A number of communities in Canada and Europe already use geothermal energy from abandoned mines. Noting these successful, site-specific applications, the McGill research team strove to develop a general model that could be used by engineers to predict the geothermal energy potential of other underground mines. In a paper accepted for publication in the American Institute of Physics’ Journal of Renewable and Sustainable Energy, the researchers analyze the heat flow through mine tunnels flooded with water. In such situations, hot water from within the mine can be pumped to the surface, the heat extracted, and the cool water returned to the ground. For the system to be sustainable, heat must not be removed more quickly than it can be replenished by the surrounding rock. The team’s model can be used to analyze the thermal behavior of a mine under different heat extraction scenarios.

“Abandoned mines demand costly perpetual monitoring and remediating. Geothermal use of the mine will offset these costs and help the mining industry to become more sustainable,” says Seyed Ali Ghoreishi Madiseh, lead author on the paper. The team estimates that up to one million Canadians could benefit from mine geothermal energy, with an even greater potential benefit for more densely populated countries such as Great Britain.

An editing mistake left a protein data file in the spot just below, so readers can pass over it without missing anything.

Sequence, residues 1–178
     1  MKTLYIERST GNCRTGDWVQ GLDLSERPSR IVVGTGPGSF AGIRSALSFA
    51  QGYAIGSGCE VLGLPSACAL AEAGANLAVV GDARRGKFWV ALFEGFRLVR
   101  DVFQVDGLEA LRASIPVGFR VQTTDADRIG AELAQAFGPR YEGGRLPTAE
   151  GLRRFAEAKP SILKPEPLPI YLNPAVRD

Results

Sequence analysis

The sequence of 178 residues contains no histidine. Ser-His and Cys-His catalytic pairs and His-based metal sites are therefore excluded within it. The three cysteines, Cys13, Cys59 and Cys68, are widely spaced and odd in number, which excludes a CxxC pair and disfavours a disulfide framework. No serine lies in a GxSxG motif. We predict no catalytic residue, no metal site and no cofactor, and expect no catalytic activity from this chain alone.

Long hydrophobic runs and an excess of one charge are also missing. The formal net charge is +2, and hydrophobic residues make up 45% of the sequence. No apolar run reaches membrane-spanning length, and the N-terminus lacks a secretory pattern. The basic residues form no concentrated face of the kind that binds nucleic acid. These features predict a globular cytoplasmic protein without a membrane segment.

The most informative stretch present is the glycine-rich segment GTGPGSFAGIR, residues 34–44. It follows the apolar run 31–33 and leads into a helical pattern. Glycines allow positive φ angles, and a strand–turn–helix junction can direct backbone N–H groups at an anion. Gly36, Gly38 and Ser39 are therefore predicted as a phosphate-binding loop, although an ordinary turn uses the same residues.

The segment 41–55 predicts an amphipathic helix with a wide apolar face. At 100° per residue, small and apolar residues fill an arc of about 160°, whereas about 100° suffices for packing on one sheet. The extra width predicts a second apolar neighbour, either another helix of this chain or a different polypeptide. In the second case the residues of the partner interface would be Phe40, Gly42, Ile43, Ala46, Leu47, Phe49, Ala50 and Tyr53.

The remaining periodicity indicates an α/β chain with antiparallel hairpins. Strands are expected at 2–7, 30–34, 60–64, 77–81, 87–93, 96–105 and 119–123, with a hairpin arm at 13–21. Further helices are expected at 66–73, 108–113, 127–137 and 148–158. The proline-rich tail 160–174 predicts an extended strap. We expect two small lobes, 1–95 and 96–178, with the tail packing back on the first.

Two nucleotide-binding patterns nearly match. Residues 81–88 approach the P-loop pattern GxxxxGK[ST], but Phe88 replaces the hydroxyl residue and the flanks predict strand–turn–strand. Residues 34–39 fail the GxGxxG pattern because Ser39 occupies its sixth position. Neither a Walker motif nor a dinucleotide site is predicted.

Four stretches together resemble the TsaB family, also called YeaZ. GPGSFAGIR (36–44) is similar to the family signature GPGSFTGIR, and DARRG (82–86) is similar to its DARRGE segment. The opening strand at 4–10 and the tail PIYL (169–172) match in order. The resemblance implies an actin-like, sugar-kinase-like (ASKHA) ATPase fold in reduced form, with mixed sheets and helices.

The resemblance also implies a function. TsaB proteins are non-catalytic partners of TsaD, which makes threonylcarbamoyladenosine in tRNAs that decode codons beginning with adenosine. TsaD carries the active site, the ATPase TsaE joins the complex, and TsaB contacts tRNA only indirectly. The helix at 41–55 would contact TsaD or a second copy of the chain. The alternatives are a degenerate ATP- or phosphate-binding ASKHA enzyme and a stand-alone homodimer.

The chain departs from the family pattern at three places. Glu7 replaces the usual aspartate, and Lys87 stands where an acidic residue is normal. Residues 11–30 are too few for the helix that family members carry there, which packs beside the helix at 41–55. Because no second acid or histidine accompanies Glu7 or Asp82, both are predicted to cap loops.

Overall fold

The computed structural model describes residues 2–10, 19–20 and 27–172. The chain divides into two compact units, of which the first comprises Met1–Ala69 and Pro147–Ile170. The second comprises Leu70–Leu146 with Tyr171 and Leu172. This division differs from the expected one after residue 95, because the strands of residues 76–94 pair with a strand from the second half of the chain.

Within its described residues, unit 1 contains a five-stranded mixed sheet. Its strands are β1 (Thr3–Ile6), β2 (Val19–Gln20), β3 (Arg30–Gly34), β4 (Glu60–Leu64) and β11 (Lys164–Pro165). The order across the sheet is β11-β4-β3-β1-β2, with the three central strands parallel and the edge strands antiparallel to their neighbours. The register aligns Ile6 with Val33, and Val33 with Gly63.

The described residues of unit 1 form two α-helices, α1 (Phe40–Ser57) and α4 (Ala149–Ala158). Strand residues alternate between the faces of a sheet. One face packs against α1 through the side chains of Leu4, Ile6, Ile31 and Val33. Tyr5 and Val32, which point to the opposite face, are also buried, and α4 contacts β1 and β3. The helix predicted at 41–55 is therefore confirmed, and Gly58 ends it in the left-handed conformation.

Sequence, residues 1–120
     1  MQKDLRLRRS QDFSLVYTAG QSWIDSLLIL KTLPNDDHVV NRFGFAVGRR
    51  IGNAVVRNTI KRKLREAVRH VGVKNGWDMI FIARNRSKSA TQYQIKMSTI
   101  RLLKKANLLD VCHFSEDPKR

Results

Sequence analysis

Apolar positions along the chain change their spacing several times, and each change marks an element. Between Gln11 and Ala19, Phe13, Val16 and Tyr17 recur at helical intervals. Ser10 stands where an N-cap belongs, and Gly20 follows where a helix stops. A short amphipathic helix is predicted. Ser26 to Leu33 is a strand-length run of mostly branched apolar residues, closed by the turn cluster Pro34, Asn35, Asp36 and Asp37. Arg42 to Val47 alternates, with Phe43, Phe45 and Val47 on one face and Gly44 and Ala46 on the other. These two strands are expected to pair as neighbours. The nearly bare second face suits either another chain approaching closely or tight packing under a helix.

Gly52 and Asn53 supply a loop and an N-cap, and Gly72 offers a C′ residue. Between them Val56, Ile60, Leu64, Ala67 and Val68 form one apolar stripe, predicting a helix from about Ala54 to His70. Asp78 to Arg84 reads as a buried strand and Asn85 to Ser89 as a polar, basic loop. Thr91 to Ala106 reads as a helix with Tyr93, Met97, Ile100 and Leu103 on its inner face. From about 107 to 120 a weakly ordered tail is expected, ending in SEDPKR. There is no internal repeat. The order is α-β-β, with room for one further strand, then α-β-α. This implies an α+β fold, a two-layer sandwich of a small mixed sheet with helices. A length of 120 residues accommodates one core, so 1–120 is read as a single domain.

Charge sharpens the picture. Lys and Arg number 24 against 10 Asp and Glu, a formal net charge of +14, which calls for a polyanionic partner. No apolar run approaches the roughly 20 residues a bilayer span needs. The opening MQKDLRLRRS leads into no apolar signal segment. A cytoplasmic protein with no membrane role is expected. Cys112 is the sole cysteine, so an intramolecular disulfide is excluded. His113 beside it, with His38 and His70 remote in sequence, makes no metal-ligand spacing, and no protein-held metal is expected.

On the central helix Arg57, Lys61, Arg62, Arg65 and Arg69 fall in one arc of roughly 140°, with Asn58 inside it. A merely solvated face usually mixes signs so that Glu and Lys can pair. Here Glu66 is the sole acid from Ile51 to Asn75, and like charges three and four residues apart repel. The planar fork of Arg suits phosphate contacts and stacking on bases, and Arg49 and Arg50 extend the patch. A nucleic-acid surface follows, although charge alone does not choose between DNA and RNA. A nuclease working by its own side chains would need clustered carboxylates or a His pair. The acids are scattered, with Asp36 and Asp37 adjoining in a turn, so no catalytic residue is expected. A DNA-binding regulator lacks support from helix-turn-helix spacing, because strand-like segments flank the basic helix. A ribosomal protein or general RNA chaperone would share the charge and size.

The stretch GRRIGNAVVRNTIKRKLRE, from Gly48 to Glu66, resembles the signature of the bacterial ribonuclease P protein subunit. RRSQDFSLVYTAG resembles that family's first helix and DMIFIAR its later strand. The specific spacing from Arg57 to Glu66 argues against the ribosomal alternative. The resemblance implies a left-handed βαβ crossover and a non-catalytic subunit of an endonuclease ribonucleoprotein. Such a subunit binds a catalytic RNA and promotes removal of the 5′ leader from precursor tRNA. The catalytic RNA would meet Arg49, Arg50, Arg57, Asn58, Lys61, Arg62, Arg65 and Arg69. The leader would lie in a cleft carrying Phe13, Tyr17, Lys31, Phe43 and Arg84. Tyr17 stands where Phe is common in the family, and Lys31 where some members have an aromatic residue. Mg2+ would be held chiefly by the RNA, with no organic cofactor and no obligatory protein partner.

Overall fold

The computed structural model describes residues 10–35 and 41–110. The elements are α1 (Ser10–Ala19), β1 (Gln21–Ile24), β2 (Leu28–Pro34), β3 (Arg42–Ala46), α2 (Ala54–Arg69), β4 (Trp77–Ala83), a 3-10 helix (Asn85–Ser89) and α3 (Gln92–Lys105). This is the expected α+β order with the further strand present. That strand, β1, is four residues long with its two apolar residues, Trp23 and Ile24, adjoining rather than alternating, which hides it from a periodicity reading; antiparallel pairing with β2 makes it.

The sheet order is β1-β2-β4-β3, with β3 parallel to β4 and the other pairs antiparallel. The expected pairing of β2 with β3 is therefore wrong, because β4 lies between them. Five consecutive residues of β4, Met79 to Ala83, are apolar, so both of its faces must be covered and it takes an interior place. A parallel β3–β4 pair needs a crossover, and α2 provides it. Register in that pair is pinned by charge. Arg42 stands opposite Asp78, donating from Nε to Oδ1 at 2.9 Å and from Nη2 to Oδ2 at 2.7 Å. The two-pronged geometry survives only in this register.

Geothermal industry to get boost

Jim Faulds, geologist and research professor at the University of Nevada, Reno's Bureau of Mines and Geology, lectures his geothermal exploration class in April at the Fly Ranch Geyser north of Gerlach, Nev. -  Photo courtesy of the University of Nevada, Reno.
Jim Faulds, geologist and research professor at the University of Nevada, Reno’s Bureau of Mines and Geology, lectures his geothermal exploration class in April at the Fly Ranch Geyser north of Gerlach, Nev. – Photo courtesy of the University of Nevada, Reno.